To determine the optimal treatment duration, we used high resolution magnetic resonance angiography (MRA) to longitudinally assess the progression of occlusive lesions in vivo in the innominate and right subclavian arteries (supplemental Figure IA, please see www.ahajournals.org). As shown in Figure 1A, LDLR −/− mice treated with ritonavir developed lumen asymmetry in these arteries at an earlier phase (week 4th) and had smaller luminal area for right subclavin (week 4th) and innominate (week 8th) than vehicle-treated mice. This effect was partially reversed by acipimox. In week 8, good concordance between occlusive vessels assessed by MRA and the presence of lipid-rich lesions was observed (Figure IB, www.ahajournals.org). Since en face analysis of the aortic vessel revealed only sparse lesions at this time (not shown), the experiment was extended by 6 more weeks.

Figure 1
Acipimox retards ritonavir-induced arterial lesions (please see supplemental data of Figures I-IV, www.ahajournals.org).

After 14 weeks of treatment, atheromatous lesions were found throughout the aorta, with a greater density in the arch around the origin of its major branches (Figures II-III, www.ahajournals.org). Mice receiving ritonavir had an approximately 2-fold increase in the percentage of lesion-covered surface area (Figure 1B). This effect of ritonavir was reversed by acipimox. We also estimated macrophage levels within the aorta root as an index for atherosclerotic burden and also as an indicator of inflammatory responses. As shown Figure IV (please see www.ahajournals.org), lesions isolated from ritonavir-treated animals showed a remarkably greater staining intensity for Mac3, a macrophage marker commonly found in mouse atherosclerotic lesions 21. This effect was reversed by acipimox. The mean Mac3 staining intensity in the aortic root lesions (Figure 1C) closely correspond to the en face aortic artery lesion score (Figure 1B). This observation is in agreement with the in vitro findings that ritonavir stimulates macrophage activation 22. Further studies are required to determine whether increased macrophage infiltration is a direct effect of ritonavir on vascular wall inflammation or an indirect effect because of greater systemic lipid stress (see below).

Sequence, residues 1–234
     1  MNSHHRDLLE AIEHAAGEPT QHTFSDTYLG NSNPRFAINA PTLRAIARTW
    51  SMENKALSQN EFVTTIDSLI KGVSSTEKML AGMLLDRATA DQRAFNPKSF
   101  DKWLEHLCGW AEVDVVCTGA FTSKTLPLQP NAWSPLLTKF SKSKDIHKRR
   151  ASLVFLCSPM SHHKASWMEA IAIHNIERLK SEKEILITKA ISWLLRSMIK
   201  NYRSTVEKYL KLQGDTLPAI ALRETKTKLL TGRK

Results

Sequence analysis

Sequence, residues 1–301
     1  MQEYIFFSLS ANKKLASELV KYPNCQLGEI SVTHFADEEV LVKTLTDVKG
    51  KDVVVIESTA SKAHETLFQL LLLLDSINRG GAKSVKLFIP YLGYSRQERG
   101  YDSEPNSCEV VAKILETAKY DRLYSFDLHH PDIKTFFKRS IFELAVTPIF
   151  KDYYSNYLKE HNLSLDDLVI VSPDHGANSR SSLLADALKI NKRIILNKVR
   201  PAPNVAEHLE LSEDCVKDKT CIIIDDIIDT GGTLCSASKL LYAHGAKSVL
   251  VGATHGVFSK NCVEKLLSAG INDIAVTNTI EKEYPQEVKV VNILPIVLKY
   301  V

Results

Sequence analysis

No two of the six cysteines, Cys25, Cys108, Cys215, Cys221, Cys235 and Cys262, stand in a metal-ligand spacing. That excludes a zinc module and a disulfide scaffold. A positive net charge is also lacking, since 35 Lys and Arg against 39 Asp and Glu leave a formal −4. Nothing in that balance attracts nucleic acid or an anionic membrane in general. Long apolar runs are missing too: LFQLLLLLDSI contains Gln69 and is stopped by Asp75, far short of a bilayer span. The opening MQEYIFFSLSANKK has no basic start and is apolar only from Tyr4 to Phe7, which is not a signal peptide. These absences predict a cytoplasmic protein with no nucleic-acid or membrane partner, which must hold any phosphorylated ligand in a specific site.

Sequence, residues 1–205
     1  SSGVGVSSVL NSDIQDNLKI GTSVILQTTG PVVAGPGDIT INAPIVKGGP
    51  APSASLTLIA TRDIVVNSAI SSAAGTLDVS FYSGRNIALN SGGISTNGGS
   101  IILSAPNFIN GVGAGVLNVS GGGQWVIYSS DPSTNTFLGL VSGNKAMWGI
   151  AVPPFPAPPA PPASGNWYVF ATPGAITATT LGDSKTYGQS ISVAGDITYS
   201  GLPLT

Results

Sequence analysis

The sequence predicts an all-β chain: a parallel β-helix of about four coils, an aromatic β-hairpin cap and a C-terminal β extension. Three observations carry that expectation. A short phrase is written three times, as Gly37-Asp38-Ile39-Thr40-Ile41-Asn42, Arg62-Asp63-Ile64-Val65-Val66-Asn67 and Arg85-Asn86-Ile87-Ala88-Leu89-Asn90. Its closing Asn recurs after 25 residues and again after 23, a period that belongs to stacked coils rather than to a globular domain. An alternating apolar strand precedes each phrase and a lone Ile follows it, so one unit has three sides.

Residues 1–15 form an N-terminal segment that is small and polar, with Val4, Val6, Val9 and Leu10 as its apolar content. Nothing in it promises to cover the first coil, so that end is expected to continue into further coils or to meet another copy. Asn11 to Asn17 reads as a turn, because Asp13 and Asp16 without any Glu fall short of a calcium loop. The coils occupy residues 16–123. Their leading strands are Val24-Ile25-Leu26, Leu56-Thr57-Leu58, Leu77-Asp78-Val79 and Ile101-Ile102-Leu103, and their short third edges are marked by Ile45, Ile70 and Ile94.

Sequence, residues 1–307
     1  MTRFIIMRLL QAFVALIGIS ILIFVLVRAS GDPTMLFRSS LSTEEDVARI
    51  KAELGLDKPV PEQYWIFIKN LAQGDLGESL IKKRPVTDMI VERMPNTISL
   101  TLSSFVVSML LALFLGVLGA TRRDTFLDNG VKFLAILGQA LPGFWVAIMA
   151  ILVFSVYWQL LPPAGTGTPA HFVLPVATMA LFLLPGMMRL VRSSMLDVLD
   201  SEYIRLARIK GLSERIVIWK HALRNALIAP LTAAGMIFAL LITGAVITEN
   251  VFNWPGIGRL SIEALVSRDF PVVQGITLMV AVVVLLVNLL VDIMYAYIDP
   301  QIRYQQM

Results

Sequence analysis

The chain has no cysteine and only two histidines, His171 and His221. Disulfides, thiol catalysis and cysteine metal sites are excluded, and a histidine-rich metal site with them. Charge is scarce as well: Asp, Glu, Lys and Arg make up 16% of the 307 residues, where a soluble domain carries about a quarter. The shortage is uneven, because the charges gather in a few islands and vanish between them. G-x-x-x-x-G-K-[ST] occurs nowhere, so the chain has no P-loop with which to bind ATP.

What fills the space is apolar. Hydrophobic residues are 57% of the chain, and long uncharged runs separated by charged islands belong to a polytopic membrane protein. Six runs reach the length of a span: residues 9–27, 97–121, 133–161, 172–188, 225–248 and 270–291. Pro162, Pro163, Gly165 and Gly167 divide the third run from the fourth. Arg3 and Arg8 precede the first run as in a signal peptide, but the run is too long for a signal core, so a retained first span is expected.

2. Ritonavir-associated loss of fat mass is blocked by co-treatment with acipimox

Consistent with previous studies that reported lipoatrophy in wild-type mice treated with protease inhibitors 7-8, we observed a significant reduction in all three fat depots measured in mice receiving ritonavir (Figure 2A). Analysis of fat cell size distribution revealed a shift towards smaller fat cells in ritonavir treated mice (Figure 2B). These changes were reversed by acipimox. NMR measurements show that body fat mass initially increased in all groups after HFC was introduced. However, 6 weeks later, mice receiving ritonavir began to lose fat mass, while mice receiving vehicle or ritonavir plus acipimox did not change (Figure 2C). By the end of treatment, whole body fat mass was lower in the ritonavir group (4.29 g vs 5.8 g, p = 0.031, compared to vehicle group) but not in the acipimox plus ritonavir group (5.8 g vs. 6.1 g, p = 0.791, compared to vehicle group).

Figure 2
Acipimox co-treatment blocks the ritonavir-induced lipoatrophy

Ritonavir also reduced adipose mRNA expression of adipocyte transcription factor (PPARγ), fatty acid synthase (FAS), and acetyl CoA carboxylase (ACC), and the changes were reversed by acipimox (Figure V, please see www.ahajournals.org). It is of note that adipose tissue heme oxygenase-1 (HO-1), an enzyme that is critically involved in response to diverse types of cellular stress, was induced 2 fold by ritonavir (Figure V), in agreement with the previous in vitro findings 23-24. This effect was also reversed by acipimox (Figure V). Together, these results suggest that ritonavir induces profound adipose tissue malfunctions through a mechanism that is blocked by acipimox.

3. Ritonavir inhibits insulin-stimulated glucose disposal and the antilipolytic action of insulin: acipimox restores antilipolysis but not glucose disposal